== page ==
Work has begun on the pipeline in West Virginia and North Carolina. The planned route through Virginia has been stalled by a recent federal court ruling that said it hadn't been properly permitted, and a question was unresolved whether it could legally be run under the Blue Ridge Parkway.

Company officials consider those only temporary setbacks.

Staff is already "working with the agencies to resolve the 4th Circuit Court's concerns and reinstate our permits as soon as possible," spokesman Aaron Ruby said.

"We believe the court's concerns can be promptly addressed through additional review by the agencies without causing unnecessary delay to the project," he added.

The opponents

Conservation groups and concerned residents have battled for three years to keep the Obama and now the Trump administration from opening the South Carolina offshore to oil and natural gas exploration and drilling.

While they have fought, a suspicion has grown that the move has less to do with the prospect of oil — which isn't expected to be found in worthwhile volume offshore — and more to do with the prospect of mining methane gas from offshore and shipping fracked gas overseas.

The Dominion sale is a prospect they feared.

Drilling proponents argue the country needs to supplement the oil and gas fields already in place. The United States exports more than 5 million barrels per day, according to the U.S. Energy Information Administration. The country also is poised to become to third-largest natural gas supplier in the world by 2020.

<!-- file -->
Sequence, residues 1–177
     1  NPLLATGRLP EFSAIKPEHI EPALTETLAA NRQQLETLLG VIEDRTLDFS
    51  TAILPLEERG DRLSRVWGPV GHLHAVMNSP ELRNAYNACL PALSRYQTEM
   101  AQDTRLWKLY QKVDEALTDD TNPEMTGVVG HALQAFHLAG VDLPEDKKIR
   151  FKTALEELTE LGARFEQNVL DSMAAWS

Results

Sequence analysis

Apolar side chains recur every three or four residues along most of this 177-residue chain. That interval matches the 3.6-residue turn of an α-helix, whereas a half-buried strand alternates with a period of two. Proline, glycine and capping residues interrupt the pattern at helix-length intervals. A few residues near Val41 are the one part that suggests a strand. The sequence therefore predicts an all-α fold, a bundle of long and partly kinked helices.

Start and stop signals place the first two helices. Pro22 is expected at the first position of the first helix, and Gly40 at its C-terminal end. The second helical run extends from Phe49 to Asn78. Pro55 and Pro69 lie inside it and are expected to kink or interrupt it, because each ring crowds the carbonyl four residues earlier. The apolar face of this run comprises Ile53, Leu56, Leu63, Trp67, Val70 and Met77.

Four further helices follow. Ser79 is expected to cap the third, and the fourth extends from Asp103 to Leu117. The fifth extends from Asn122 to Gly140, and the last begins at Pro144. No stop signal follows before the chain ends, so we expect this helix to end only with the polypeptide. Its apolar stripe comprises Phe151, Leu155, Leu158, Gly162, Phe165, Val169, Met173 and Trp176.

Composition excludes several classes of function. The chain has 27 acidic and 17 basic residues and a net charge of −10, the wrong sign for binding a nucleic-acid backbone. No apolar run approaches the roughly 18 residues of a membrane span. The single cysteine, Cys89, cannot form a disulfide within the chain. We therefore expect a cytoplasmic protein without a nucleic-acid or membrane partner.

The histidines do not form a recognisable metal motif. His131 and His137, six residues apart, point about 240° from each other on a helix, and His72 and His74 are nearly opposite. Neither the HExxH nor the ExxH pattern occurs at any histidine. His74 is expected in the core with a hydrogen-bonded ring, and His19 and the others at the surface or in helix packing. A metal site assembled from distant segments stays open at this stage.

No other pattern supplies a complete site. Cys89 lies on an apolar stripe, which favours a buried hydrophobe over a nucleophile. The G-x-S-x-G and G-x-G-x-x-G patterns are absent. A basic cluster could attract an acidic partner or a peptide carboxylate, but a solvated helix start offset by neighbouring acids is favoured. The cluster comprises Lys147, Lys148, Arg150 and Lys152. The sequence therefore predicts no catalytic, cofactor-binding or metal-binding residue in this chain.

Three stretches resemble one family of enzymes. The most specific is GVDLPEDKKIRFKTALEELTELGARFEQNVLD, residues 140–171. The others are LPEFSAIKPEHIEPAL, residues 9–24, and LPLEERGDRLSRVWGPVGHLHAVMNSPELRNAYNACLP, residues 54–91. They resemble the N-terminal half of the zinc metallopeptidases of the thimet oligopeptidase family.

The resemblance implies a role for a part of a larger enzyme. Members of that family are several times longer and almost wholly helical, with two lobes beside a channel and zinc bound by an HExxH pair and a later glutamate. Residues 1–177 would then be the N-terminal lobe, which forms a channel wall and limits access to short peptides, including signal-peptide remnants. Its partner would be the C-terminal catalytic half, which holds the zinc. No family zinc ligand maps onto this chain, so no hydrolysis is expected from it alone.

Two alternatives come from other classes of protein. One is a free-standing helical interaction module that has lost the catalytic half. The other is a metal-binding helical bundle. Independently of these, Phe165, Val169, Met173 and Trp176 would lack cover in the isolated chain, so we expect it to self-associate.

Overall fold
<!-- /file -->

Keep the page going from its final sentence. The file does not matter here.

It's competing with Russia for the European market, according to J.D. Supra, a business analyst. 

"It's very likely Dominion will find a way to get the Atlantic Coast Pipeline into South Carolina. said Peg Howell, of Stop Oil Drilling in the Atlantic, a Pawleys Island-based grassroots group. Howell is a former petroleum engineer. "We are concerned that Georgetown or Charleston would be used."

"It's opening a Pandora's box," she added. "It's a human health risk. The process is extremely dangerous. It could be an environmental justice issue, because of the neighborhoods these export facilities have tended to be located near."

She said natural gas must be turned from gas to liquid for shipping, so "if Dominion drops a natural gas export facility anywhere near our coast it will be a de facto facility for processing natural gas from offshore drilling."

Editor's note: This story has been updated to include additional comment from Dominion.

Reach Bo Petersen Reporter at Facebook, @bopete on Twitter or 1-843-937-5744.

Science and environment reporter. Author of Washing Our Hands in the Clouds.